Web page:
Monroe Doctrine

Jorge Castañeda’s lament ("Adios, Monroe Doctrine," December 28, 2009) about U.S. indifference towards Latin America sounds a familiar theme. His claim that “the United States doesn’t seem to care much what happens in Latin America” has been a constant refrain that has dominated analyses of U.S. regional policy since the mid-1970s. The “new passivity” is not, after all, terribly new.   Though often framed in general terms of advancing national interests and values, almost everyone expressing such a lament has been motivated by some particular agenda. Some want the U.S.

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Correspondence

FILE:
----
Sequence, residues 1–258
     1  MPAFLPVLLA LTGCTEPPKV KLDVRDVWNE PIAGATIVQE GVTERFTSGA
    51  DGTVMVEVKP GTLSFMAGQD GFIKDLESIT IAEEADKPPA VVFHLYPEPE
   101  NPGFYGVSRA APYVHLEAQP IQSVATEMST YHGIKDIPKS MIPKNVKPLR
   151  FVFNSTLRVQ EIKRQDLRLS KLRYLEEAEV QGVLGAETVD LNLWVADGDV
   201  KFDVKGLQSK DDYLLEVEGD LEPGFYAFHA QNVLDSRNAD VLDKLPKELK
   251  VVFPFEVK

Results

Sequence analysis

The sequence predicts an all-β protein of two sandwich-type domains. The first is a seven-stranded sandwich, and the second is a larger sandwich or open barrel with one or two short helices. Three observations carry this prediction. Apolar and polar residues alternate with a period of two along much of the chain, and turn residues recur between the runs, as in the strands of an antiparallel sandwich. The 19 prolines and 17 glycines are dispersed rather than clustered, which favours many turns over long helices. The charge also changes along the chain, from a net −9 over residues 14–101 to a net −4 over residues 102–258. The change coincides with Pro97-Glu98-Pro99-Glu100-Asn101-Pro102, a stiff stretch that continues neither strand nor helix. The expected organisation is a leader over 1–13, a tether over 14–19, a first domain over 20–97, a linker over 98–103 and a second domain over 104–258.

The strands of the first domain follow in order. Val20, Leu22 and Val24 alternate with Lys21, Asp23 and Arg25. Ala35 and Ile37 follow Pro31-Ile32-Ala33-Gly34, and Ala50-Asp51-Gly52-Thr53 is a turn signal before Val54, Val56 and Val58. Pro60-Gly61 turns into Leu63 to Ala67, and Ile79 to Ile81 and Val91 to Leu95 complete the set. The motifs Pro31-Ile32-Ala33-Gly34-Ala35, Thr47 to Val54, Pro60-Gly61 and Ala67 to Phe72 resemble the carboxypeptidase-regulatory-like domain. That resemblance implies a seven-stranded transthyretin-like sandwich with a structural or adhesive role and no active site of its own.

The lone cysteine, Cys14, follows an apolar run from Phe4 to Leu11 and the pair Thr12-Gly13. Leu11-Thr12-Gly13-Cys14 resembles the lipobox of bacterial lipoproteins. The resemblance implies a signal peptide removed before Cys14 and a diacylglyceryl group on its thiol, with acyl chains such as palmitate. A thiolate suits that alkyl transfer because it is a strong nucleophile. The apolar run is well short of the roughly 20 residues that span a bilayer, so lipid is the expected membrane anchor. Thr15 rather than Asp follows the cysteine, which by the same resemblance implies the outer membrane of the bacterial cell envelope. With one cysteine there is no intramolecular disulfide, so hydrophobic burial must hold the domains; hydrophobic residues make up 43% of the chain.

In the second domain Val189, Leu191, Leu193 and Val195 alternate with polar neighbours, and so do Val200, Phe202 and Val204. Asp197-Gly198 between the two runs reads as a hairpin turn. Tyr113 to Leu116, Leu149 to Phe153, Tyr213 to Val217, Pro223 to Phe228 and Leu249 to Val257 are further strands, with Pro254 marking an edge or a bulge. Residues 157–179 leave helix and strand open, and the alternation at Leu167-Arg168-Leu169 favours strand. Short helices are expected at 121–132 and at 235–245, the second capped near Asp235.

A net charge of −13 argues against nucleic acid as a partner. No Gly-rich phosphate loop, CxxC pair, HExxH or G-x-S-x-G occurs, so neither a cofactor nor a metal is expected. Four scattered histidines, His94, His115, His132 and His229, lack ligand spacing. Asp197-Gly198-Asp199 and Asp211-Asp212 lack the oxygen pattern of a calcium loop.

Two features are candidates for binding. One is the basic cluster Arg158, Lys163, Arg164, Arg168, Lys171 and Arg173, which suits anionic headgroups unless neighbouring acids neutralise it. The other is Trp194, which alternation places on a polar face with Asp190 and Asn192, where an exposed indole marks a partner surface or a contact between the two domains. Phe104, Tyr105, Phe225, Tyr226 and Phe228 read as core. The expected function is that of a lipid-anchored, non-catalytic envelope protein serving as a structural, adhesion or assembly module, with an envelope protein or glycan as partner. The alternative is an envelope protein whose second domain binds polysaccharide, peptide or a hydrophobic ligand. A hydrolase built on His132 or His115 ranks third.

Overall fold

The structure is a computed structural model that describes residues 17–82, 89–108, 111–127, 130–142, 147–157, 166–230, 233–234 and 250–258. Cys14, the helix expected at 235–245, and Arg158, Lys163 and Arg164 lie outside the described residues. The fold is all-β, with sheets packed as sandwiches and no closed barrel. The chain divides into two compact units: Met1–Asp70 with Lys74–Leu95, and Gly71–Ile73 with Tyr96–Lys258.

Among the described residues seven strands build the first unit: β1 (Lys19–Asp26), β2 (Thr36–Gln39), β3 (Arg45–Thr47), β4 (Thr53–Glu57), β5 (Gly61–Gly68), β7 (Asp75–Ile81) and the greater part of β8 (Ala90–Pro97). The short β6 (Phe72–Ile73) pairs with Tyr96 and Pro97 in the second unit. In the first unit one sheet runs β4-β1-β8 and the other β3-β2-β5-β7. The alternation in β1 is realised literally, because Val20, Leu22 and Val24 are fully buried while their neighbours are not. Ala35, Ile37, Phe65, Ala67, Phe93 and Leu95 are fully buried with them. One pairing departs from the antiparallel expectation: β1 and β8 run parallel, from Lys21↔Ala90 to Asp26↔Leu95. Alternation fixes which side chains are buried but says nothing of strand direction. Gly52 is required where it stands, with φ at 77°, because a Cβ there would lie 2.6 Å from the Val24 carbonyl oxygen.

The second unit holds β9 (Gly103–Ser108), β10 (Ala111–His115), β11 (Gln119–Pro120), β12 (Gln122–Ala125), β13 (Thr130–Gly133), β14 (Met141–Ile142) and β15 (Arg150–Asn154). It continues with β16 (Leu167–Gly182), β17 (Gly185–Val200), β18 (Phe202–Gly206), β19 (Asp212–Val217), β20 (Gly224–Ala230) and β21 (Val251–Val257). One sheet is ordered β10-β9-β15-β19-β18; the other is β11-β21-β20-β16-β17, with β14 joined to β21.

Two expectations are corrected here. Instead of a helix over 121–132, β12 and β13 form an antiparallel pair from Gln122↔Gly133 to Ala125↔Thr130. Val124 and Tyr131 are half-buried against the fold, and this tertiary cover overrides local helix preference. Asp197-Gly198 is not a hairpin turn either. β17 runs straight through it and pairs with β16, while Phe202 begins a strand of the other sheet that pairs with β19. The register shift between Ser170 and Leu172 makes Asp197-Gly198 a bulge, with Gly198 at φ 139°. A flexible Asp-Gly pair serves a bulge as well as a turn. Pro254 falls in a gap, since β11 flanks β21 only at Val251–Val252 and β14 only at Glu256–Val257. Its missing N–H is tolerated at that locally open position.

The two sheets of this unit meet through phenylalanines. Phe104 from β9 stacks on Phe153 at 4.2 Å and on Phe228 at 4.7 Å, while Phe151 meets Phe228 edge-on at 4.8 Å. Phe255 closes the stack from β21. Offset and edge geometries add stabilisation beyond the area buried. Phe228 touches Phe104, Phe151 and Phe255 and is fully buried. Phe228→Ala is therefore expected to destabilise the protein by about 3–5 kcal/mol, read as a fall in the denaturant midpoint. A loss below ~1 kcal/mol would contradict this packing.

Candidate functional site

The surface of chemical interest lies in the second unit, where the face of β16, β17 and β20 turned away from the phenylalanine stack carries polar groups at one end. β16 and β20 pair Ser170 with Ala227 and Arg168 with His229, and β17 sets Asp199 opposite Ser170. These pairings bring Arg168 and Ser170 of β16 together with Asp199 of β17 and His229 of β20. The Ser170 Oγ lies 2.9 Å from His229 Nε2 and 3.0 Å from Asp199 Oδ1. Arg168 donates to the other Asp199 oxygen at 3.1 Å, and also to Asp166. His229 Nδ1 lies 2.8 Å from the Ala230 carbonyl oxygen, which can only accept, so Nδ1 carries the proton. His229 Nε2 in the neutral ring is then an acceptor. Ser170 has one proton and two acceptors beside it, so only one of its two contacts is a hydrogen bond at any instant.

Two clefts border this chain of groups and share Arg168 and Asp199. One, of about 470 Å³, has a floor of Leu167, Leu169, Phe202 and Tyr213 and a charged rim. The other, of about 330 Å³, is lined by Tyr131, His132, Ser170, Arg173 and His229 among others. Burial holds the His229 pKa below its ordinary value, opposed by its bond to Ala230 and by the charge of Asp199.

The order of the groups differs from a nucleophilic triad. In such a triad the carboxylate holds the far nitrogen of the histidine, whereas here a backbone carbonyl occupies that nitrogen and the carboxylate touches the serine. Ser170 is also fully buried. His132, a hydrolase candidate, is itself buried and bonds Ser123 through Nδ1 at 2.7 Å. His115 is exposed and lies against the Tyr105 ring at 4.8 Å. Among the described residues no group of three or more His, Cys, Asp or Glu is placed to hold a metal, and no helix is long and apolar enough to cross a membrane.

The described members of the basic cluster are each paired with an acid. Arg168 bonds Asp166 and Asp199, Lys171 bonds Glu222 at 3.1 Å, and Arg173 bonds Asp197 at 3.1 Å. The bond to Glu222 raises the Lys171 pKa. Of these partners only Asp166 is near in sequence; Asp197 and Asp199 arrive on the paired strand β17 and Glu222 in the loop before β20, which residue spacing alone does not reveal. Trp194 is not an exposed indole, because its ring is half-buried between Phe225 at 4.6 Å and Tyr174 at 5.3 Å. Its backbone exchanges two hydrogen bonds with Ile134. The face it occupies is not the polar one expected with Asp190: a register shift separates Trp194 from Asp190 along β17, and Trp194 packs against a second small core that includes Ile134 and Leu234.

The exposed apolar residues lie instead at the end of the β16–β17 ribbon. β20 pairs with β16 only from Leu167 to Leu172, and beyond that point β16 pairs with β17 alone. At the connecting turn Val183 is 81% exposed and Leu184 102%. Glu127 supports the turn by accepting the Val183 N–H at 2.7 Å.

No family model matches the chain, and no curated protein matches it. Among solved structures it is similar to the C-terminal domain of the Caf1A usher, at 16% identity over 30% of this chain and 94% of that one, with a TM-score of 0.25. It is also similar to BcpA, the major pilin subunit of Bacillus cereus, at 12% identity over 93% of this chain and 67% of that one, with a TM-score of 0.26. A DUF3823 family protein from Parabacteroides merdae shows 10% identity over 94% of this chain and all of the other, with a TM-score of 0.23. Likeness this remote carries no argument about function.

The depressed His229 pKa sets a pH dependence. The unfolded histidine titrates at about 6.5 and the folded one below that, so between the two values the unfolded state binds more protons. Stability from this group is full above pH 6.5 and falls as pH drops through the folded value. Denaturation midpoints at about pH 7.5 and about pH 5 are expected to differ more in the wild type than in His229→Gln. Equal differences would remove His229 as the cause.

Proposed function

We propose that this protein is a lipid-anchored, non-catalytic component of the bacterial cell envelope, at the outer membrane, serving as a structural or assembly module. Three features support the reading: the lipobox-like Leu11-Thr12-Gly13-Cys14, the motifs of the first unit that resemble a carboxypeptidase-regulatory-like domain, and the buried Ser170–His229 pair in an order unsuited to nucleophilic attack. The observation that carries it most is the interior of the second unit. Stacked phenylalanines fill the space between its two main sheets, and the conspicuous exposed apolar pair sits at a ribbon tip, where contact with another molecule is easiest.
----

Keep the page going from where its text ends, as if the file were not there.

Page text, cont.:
JUNGLE BUNGLE As a great-grandson of Hiram Bingham, my natural inclination is to defend his record and the right of Yale University to hold onto their legally obtained excavations. Christopher Heaney, however, does a nearly perfect job of causing me to see both sides of the repatriation issue ("Bonesmen," October 23). Heaney paints a fair portrait of a man with both considerable accomplishments (pioneering university recognition of Latin American studies and rediscovering Machu Picchu) and conflicted ambitions (respecting Peruvian sovereignty early in his career then submitting to Teddy Roosev

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